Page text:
By Winston Shek 05/20/2020 644 views



A plethora of airlines has been forced to retire aircraft early due to the drop in demand from the COVID-19 pandemic.  From Virgin Atlantic retiring all its 4 engine aircraft, to American Airlines' accelerated retirement of its 757, and 767 fleets, the drop in demand has motivated airline's to either eliminate older aircraft to increase fuel efficiency or to retire higher capacity aircraft.   Air France will retire its A380 fleet, according to multiple sources.

An Air France A380 banks out of Washington-Dulles International Airport, credit: Dylan T

 

Previously scheduled to retire in 2022, Air France's A380's are heading to the graveyard early.  For its early demise, Air France cites its fleet simplification strategy making its fleet more competitive, by using modern high-performance aircraft which reduces the "environmental footprint."

 

Another reason could be the A380's refurbishment costs.  With it nearing the age for refurbishment, in addition to its aging cabin, Air France would need to pay a hefty amount for refurbishment, which doesn't make financial sense in the current environment.

 

The French flag carrier currently has 9 A380's, five of which are owned by the carrier or on finance lease, and four of which are on operating lease.  The cost of phasing out the A380 is estimated at almost 500 million euros.

 

Air France's A380 is scheduled to be replaced by its incoming A350-900 and B787-9, though primarily its A350-900.  Air France's A380 was configured with 516 seats, with 80 business seats and more than 350 economy seats.  Air France's A350's are scheduled to be configured with 284 seats with 34 business class seats.  This lack of capacity will probably be made up with more frequency on certain routes.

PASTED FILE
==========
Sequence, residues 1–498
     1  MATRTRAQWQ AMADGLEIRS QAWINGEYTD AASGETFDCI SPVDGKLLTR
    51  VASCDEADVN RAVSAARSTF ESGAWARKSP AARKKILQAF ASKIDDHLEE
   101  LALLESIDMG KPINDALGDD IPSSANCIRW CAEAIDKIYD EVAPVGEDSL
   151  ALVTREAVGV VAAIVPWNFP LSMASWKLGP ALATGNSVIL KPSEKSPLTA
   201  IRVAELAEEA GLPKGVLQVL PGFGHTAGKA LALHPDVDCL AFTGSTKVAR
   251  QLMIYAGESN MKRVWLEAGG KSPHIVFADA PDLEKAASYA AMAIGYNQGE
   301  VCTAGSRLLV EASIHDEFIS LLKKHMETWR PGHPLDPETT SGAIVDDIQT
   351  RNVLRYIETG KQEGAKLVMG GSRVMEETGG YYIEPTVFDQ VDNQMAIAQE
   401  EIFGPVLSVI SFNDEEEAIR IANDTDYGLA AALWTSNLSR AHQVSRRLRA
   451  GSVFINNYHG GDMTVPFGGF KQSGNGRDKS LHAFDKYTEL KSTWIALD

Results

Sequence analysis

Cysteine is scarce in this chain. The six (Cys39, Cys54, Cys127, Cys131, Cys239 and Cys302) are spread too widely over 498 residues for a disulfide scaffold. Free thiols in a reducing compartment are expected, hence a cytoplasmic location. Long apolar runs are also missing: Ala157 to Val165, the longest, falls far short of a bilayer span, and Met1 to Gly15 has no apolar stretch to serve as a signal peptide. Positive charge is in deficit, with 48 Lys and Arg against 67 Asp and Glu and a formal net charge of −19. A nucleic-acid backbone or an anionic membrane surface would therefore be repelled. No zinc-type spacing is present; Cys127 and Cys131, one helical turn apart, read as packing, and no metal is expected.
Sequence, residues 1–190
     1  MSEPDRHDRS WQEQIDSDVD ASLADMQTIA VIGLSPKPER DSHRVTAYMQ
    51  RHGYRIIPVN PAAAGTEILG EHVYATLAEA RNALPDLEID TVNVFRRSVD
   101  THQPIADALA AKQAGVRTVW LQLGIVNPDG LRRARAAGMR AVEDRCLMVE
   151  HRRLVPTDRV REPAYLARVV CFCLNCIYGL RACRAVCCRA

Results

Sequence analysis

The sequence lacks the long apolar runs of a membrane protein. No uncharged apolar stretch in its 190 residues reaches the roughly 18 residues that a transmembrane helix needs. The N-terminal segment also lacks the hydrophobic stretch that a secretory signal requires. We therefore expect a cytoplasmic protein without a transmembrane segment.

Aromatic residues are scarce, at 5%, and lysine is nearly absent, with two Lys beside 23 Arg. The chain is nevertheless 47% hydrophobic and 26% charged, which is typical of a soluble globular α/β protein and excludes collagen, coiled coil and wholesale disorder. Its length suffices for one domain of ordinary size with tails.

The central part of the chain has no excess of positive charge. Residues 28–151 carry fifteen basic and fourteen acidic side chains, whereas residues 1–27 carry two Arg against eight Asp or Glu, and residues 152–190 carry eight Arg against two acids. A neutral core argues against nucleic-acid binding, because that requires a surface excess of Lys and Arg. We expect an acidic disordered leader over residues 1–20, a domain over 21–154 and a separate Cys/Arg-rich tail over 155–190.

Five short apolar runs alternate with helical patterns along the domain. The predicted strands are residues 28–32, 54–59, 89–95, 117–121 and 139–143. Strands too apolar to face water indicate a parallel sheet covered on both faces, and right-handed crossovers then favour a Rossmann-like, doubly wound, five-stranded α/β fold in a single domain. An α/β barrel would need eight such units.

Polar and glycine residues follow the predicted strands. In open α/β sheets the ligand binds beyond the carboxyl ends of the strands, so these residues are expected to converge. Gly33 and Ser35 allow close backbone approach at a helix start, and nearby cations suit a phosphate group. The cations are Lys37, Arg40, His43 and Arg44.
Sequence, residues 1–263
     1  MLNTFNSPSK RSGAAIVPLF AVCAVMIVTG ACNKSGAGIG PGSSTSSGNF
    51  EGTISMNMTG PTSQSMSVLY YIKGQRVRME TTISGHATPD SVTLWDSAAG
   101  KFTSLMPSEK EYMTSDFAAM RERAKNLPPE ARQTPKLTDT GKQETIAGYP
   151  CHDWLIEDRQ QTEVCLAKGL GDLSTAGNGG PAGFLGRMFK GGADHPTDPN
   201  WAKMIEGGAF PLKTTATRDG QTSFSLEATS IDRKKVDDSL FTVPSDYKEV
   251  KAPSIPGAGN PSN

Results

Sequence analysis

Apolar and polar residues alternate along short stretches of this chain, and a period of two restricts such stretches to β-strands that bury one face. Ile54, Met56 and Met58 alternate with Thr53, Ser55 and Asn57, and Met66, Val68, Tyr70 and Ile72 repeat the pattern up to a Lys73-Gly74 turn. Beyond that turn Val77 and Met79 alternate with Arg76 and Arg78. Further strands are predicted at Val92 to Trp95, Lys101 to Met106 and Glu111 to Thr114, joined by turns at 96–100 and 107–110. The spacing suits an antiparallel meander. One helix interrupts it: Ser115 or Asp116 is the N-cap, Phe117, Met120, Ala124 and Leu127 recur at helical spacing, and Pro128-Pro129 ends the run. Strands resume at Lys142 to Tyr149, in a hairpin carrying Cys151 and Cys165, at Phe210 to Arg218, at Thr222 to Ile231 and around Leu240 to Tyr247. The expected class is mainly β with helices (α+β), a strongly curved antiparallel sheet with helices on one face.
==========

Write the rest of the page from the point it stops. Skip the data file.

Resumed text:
Air France was a launch customer of the A380 in 2001.  By late 2009, Air France received its first A380, flying it on its premier U.S. route, New York-JFK to Paris-CDG.  Before the COVID-19 pandemic, Air France flew its A380 to New York-JFK, Los Angeles, Washington-Dulles(seasonal), and Shanghai-Pudong, among others.

 

 

An Air France A380 on final at IAD, credit: Connor Ochs

 

 

A380's have been at risk of retirement ever since the shift towards fuel-efficient twin-engine aircraft.  With its high capacity, the A380 could only be operated on high-passenger demand routes, leading to a small niche market the A380 could serve profitably.  With the current drop in demand, A380's will fly with less capacity, reasoning a retirement.  With A380 production ending in 2021, the end of the road is nearing for the A380.  Even Emirates, the largest operator of the A380, is rumored to be considering retirement.

 

What are your thoughts on the Air France A380 retirement? Leave your thoughts in the comments below.






You must be logged in to contribute.